A century old Australian military mystery is solved

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…Wrapped in the ocean boundless

Where the tides are scarcely stirred

In deeps that are still and boundless,

They perished unseen, unheard …

- ‘Missing’ by Will Lawson, 1914
 

In September 1914, the Royal Australian Navy’s first submarines, AE1 and AE2, began their service as part of the Australian Naval and Military Expeditionary Force to New Guinea, to eliminate the German colonial presence in the area. On 14 September, 1914, HMAS AE1 and HMAS Parramatta met at 8:00 am to patrol the seas around Cape Gazelle. By around 3.30 pm, AE1 had vanished.

Having kept sight of one another and exchanging visual signals until this time, HMAS Parramatta returned to AE1’s last known position and spent the next two days searching, with the help of three other naval ships. Despite strong and repeated efforts, no signs of AE1 or its 35 crew members were found, until now.

Recent advances in technology has allowed an Australian search team of maritime surveyors, marine archaeologists and naval historians to locate the vessel intact on the sea floor, south-east of the Duke of York Islands, 300 metres below the surface. The team located the submarine just days after their search began.

The loss of AE1 and its entire crew of three officers and 32 sailors was the RAN’s first major tragedy during the First World War and marred an otherwise successful operation to seize German colonies in New Guinea and the South Pacific.

The AE1 and AE2 submarines were commissioned from Great Britain for just over £105,000 each. The submarines were top-secret craft measuring just over 55 metres long, less than seven metres wide and able to travel at around 15 knots surfaced and 10 knots submerged.

The interior of AE1 was filled with pipes, levers and torpedoes and conditions for the crew were cramped and uncomfortable. The supply of fresh air was limited and temperatures rose quickly.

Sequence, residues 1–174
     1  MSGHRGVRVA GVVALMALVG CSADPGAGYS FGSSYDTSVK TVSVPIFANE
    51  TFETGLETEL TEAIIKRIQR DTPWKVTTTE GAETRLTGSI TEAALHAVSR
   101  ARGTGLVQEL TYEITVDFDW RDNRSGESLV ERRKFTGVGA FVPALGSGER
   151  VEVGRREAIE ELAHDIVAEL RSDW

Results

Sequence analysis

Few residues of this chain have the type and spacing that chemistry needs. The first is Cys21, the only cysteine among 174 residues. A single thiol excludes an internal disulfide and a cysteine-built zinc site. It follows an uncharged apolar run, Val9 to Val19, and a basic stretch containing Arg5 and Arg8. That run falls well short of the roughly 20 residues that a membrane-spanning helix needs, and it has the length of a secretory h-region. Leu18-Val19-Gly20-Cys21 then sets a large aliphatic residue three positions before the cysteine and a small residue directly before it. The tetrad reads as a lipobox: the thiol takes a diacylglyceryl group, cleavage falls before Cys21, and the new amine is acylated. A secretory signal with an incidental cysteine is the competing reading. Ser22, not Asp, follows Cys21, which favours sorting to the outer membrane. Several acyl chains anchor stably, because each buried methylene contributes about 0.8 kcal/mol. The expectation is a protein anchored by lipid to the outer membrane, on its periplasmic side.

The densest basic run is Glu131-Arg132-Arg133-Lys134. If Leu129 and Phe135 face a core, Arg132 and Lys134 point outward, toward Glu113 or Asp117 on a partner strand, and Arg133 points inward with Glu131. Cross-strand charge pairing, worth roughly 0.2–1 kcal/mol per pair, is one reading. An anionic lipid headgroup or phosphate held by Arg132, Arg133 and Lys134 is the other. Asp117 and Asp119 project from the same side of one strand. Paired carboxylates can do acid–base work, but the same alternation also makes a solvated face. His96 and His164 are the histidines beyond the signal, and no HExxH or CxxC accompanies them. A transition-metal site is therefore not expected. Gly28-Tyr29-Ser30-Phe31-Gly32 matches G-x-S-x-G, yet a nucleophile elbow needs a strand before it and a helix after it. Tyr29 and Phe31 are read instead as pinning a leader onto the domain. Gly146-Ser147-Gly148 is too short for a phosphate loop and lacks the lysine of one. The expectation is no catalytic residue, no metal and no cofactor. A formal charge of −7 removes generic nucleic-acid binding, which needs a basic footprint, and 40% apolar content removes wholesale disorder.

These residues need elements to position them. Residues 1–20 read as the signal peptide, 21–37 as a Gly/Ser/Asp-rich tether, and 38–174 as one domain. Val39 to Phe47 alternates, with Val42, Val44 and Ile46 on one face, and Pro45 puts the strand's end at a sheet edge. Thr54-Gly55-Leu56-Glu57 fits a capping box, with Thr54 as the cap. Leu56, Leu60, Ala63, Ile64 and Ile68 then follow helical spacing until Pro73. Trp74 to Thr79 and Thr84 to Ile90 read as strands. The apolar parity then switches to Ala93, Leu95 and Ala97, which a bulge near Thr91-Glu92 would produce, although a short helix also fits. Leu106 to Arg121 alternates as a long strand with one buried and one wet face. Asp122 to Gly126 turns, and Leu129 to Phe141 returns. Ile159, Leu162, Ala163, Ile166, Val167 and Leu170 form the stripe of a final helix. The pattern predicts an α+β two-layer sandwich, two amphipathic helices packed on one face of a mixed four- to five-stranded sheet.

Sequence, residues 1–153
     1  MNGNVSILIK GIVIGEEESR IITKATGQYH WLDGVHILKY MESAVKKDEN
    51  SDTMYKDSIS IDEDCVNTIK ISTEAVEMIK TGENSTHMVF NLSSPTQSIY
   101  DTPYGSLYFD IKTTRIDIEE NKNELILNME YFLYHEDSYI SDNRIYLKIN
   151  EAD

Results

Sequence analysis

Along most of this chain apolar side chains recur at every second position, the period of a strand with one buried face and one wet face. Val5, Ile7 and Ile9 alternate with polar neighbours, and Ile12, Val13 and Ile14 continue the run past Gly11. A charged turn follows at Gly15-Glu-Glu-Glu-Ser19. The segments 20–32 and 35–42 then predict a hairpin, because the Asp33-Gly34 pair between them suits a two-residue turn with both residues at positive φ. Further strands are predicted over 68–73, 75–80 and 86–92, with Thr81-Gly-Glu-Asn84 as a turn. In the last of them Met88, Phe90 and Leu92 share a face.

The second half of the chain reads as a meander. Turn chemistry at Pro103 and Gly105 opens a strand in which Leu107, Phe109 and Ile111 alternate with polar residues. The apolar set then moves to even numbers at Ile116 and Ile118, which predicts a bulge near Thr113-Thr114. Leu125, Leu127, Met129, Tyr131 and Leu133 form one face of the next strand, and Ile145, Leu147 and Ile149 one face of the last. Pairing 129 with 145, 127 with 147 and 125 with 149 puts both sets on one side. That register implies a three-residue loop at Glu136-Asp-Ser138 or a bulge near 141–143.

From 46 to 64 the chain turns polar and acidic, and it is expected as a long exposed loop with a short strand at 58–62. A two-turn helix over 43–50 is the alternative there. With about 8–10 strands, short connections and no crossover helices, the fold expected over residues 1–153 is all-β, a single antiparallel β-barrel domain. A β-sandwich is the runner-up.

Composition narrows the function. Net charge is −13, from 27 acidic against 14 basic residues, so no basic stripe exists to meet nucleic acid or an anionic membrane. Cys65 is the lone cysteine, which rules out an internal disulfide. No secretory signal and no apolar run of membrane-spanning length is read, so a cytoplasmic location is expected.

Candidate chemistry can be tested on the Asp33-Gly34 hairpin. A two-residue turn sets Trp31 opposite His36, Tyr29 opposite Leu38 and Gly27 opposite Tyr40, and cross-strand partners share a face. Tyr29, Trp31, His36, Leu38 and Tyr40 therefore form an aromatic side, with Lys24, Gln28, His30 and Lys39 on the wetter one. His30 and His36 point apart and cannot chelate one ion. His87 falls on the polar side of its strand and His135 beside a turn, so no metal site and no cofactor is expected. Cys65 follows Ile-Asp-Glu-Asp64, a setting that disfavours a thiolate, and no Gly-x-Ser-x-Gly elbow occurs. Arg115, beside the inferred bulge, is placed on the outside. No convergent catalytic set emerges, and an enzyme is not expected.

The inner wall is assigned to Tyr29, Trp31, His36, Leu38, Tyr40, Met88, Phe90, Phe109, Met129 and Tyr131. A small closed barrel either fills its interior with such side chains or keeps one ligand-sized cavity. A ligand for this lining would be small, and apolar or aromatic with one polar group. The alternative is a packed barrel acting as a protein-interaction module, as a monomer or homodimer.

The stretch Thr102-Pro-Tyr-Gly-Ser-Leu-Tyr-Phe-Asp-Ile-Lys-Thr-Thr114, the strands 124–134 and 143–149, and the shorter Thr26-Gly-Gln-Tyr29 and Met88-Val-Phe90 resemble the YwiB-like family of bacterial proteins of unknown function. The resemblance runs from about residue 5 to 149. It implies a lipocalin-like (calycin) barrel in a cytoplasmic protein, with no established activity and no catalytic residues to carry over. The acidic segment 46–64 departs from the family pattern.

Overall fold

After the submarines were purchased by the Australian Government they completed the longest submarine voyage undertaken for that time at 21,000 kilometres from England to Australia. They frequently broke down during the voyage and needed continuing repairs.

Since AE1’s disappearance, solving the mystery of the vessel’s loss has been a topic of interest for the Royal Australian Navy, treasure hunters, and even French adventurer Jacques Cousteau.

Theories surrounding AE1’s fate include that it was sunk by the enemy, punctured on a reef, or that the pumps failed to work to bring the vessel to the surface after a dive.

The exact location of the wreckage will be kept secret by the Australian Government in order to protect it from unauthorised salvage attempts.

The discovery of the wreckage has given peace of mind to the descendants of the 35 crew members and in time it may also shed light on what caused the submarine to sink.

The search party was jointly funded by the Australian Government, the Silentworld Foundation, The Australian National Maritime Museum and Find AE1 Ltd.

References:

G. Seal, Finding the lost submarine: the mystery of AE1, Submarine Institute of Australia, 2008 http://www.submarineinstitute.com/userfiles/File/AE1_-_THE_LOST_SUBMARINE.pdf

Seal, Finding the lost submarine: the mystery of AE1, Submarine Institute of Australia, 2008 http://www.submarineinstitute.com/userfiles/File/AE1_-_THE_LOST_SUBMARINE.pdf